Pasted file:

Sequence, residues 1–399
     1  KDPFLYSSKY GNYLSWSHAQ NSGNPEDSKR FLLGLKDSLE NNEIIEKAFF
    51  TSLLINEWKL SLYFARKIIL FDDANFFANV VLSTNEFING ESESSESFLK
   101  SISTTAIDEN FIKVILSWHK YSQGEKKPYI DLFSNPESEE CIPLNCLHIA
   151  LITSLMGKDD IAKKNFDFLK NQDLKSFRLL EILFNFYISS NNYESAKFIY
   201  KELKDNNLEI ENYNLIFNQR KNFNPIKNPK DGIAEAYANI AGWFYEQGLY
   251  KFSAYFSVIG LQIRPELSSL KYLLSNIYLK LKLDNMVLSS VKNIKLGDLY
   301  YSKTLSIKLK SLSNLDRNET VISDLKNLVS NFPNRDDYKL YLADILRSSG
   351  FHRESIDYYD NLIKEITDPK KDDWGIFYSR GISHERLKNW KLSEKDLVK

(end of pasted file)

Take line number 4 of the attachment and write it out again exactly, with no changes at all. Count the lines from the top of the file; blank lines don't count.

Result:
   101  SISTTAIDEN FIKVILSWHK YSQGEKKPYI DLFSNPESEE CIPLNCLHIA